On a typical Saturday morning, most people would be planning the rest of their weekend, or simply taking a brake from their week’s hectic demands. However, this isn’t the case with Amadeus Awad, one of the finest guitarists in the Middle East, and the first Lebanese musician to win the “Cannes Golden Lion” award. Amadeus is constantly at work; whether he’s composing music, or running his production company, “Broken Records”, this guy dedicates all his time to his ultimate passion; music. Fortunately though, he had some free time for a little interview, so I decided to drop by his office where we talked over a cup of coffee, and exchanged thoughts on guitars, theory, and several aspects musicianship.
1 – People usually start playing music after being inspired by a certain song or player that they relate to. What was it that inspired you to pick up the guitar, and how old were you when you did that?
I was first 6 years old when I started. I remember my brother, who used to play a bit before me, was watching a VHS tape, since there were no DVDs back then, of Deep Purple’s California Jam. I saw Ritchie Blackmore and was amazed; his character, his guitar, and his intensity were so incredible that I was suddenly driven to play the instrument! His style is so unique and powerful to a degree that so many players are influenced by him. Steve Vai, Yngwie Malmsteen, and Michael Romeo all have details of Blackmore’s style integrated in their own.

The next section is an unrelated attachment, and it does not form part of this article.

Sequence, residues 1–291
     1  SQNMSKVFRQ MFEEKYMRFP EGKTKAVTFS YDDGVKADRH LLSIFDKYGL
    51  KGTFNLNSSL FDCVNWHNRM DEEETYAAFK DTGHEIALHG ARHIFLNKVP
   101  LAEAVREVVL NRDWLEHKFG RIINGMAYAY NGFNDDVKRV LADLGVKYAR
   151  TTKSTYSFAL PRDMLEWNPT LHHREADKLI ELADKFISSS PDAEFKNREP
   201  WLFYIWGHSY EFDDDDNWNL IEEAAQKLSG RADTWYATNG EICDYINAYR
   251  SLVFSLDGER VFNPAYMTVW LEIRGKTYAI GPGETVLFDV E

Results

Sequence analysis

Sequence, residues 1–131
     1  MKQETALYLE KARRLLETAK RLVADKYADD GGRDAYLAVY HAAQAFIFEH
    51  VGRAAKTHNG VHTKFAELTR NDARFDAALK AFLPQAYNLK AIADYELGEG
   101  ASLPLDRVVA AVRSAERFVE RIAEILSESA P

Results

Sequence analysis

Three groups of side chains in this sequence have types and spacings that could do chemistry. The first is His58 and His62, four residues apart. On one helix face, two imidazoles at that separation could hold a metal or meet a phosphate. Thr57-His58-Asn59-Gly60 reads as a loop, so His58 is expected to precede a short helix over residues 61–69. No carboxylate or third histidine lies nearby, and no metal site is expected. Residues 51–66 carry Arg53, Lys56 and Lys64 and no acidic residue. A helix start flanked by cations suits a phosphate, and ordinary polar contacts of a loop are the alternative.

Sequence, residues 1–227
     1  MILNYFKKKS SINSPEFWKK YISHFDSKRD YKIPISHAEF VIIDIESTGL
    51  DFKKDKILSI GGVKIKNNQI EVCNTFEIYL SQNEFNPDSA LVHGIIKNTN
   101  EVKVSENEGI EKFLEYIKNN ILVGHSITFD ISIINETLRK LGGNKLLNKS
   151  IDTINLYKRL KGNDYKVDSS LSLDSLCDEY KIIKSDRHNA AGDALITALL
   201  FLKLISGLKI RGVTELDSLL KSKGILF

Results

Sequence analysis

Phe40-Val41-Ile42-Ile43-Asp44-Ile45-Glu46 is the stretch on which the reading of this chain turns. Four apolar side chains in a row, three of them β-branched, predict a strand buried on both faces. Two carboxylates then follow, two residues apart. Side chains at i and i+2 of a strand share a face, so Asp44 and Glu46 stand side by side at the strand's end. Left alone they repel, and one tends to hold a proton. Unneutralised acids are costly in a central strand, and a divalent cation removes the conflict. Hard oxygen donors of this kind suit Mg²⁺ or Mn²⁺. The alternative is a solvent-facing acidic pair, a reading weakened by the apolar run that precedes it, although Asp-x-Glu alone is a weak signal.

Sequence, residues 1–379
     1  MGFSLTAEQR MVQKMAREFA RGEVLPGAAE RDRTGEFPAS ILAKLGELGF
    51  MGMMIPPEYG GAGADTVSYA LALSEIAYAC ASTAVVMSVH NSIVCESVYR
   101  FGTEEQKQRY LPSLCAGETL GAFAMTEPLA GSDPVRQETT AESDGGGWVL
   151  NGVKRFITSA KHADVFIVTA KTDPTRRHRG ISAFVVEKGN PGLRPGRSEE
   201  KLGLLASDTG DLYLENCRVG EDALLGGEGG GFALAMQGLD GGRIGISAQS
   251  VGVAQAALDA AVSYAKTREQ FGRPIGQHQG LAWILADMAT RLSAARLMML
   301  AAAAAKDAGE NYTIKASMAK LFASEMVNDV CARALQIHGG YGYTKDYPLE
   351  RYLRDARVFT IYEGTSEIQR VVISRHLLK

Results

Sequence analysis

2 – Who do you cite as your major influences when it comes to composing music?
I’d have to say Ritchie Blackmore and Nicolò Paganini. Paganini had this amusing and controversial style. He claimed that he was inspired by the devil, and said that music is evil. I liked how he could speak his mind through his instrument, the violin. He could easily reflect himself through his music.
3 – When feeling uninspired, some musicians listen to music or put their instruments away for a while. What do you do in such cases?
Only life, and daily events can really inspire in the case of music. When musicians feel uninspired, they shouldn’t push themselves to compose because their music will sound too mechanical. The thing is, they shouldn’t search for inspiration, they should it let it come to them.
4 – Many musicians like to explore new concepts through jamming; how did the concept of jamming help you in developing your skills and style as a musician? Do you think that it’s a better way to to learn music than studying it formally?